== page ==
You can find what you are looking for Greg.  The problem is, they may not be the best funds.  I opt for using a series of C-share "World Allocation" funds and total return bond funds for my clients under 100K.  Of course, it depends on the client, but I like First Eagle Global, Capital Income Builder, Ivy Asset Strategy, Franklin Founding Funds, Hartford Checks & Bal, Blackrock Global Allocation, Loomis Strat Inc, etc. 
Of course, I don't use all of these all the time.  It depends on age, risk, etc.  I may also add some funds around them for diversification or weighting in either direction (more bonds, more equity, more int'l, etc.). 
 
I have several clients with well-balanced multiple-fund portfolios, but also are adding to their IRA every month, so I just use one of the balanced funds above (Capital Income Builder, Franklin Founding, Hartford C&B, etc.)
 
I'm not necessarily a fan of "style boxes" for smaller accounts.  I prefer managers that go wherever the best opportunities are, minimize total overall risk, and look for total return.  The problem with style boxes sometimes, is that not all equities fit neatly into a box, so you will get tremendous "style overlap" if you are not careful.  In addition, from an emotional perspective, in a small account with just a few funds, I don't like clients seeing any big losers, so I tend to use multiple allocation funds with different strategies that have low volatility to reduce major swings.
 

B24's picture
B24
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snaggletooth wrote:Take a look at IMUAX.  I am adding that to my fund matrix.
 
https://www.transamericaadvisor.com/contentServer/MediaServer?uri=/site/tci_idex/media/PDF/Mutual_Funds_IDEX/Products_Services/Forms_Materials/Asset_Allocation_Materials/PHMMAS.pdf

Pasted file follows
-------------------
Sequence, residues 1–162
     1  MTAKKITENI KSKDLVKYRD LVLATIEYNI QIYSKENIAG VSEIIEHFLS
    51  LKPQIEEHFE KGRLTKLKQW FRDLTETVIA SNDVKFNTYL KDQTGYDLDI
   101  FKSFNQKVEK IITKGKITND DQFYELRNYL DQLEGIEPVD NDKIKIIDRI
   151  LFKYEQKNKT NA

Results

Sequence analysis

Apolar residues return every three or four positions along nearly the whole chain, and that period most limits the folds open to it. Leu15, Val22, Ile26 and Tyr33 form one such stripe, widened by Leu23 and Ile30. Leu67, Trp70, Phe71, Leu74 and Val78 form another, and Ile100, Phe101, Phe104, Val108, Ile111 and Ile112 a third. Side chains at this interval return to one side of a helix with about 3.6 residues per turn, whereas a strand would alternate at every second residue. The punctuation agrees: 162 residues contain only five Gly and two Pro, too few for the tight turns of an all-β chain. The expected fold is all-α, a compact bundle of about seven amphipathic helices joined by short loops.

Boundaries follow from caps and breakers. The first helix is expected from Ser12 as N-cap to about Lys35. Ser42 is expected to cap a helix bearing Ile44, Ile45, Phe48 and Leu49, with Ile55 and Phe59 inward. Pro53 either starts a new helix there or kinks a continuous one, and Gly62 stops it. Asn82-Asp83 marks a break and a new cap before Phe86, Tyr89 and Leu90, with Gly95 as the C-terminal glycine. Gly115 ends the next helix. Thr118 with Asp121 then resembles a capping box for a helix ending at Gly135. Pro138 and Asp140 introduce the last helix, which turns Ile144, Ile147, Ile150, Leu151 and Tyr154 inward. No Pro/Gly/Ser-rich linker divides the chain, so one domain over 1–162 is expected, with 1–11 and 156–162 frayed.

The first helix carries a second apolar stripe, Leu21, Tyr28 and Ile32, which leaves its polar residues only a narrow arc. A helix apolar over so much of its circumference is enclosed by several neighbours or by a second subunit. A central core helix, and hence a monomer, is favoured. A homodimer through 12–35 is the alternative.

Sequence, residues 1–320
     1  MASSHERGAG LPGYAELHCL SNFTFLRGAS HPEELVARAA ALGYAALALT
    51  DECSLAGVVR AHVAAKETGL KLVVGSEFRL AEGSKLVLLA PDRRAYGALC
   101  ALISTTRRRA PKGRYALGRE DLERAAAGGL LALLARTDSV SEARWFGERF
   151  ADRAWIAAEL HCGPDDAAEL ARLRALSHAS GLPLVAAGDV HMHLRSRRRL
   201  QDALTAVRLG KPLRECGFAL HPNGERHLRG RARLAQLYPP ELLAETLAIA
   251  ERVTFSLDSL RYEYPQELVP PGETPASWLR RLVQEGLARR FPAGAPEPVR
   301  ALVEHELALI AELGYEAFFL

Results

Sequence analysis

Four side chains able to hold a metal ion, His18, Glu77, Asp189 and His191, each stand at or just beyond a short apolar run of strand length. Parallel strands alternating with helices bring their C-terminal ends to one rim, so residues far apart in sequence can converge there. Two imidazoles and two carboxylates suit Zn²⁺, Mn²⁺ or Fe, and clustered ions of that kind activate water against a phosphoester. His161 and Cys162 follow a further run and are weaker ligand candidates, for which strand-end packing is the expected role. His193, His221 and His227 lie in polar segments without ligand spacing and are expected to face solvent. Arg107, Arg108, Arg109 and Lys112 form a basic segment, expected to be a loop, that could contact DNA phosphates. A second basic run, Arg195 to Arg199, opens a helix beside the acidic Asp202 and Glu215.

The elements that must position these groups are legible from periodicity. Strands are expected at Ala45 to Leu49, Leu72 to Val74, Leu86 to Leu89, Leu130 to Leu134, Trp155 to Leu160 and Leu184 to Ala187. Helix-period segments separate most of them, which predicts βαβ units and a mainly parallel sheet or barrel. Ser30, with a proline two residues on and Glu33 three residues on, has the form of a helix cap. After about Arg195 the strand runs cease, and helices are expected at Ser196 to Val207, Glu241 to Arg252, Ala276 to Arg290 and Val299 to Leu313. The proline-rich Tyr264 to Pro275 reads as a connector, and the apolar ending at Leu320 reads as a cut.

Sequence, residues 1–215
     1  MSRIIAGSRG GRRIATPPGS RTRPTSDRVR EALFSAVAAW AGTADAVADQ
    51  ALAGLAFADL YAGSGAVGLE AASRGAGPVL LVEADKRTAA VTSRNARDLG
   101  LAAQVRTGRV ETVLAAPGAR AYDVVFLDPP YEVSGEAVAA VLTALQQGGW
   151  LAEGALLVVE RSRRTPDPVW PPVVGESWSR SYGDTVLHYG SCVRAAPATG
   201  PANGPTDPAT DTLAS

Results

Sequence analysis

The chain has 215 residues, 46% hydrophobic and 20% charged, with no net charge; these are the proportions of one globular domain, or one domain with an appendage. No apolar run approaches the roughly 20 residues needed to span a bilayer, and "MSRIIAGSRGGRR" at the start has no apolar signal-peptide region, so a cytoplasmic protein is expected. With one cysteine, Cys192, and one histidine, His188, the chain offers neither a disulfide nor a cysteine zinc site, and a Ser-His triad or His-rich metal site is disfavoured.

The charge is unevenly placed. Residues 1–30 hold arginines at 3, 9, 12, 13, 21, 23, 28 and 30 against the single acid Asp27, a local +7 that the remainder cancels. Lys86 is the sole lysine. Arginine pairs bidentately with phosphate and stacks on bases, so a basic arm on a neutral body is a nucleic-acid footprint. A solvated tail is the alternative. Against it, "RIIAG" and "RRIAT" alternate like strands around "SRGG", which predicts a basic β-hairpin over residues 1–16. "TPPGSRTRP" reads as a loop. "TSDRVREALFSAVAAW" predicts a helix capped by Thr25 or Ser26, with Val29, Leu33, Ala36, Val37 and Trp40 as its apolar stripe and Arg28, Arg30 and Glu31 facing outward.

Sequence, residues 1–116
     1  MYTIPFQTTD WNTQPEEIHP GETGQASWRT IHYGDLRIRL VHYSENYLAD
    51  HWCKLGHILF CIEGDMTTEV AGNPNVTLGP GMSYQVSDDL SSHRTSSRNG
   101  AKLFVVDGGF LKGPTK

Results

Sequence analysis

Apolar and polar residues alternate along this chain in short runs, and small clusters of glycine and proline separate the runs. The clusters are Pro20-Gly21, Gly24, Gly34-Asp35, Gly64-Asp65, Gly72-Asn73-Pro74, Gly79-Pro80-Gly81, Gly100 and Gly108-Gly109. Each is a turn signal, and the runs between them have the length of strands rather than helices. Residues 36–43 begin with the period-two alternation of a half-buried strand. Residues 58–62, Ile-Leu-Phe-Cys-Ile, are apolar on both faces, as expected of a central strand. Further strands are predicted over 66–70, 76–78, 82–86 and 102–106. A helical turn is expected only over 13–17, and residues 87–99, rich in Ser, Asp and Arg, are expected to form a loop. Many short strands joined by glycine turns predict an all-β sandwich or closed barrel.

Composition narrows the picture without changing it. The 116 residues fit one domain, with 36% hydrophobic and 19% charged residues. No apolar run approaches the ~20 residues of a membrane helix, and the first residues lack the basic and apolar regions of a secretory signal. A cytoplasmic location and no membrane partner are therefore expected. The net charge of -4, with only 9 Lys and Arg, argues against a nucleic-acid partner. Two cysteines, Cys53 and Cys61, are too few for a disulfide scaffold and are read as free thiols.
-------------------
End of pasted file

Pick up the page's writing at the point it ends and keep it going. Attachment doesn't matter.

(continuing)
Is this an alternative asset class fund?  I think Goldman has a similar type fund (metals, commodities, real estate, global bond, HY bond,e tc.).

snaggletooth's picture
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B24 wrote:snaggletooth wrote:Take a look at IMUAX.  I am adding that to my fund matrix.
 
https://www.transamericaadvisor.com/contentServer/MediaServer?uri=/site/tci_idex/media/PDF/Mutual_Funds_IDEX/Products_Services/Forms_Materials/Asset_Allocation_Materials/PHMMAS.pdf
 
Is this an alternative asset class fund?  I think Goldman has a similar type fund (metals, commodities, real estate, global bond, HY bond,e tc.).
 
Yes.  It kind of follows the philosophy of an endowment strategy.

B24's picture
B24
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But not for the whole shootin' match, right?  This is just to be used as a satellite fund, correct?  I haven't looked at the componants of this one, but the Goldman fund is purely a satellite play for your alternative asset classes.

B24's picture
B24
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Joined: 2008-07-08

I just checked it out.  Down 3% YTD.  Even alternative/Bear Market strategies aren't working right now.  Unbelievable.

snaggletooth's picture
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Joined: 2007-07-13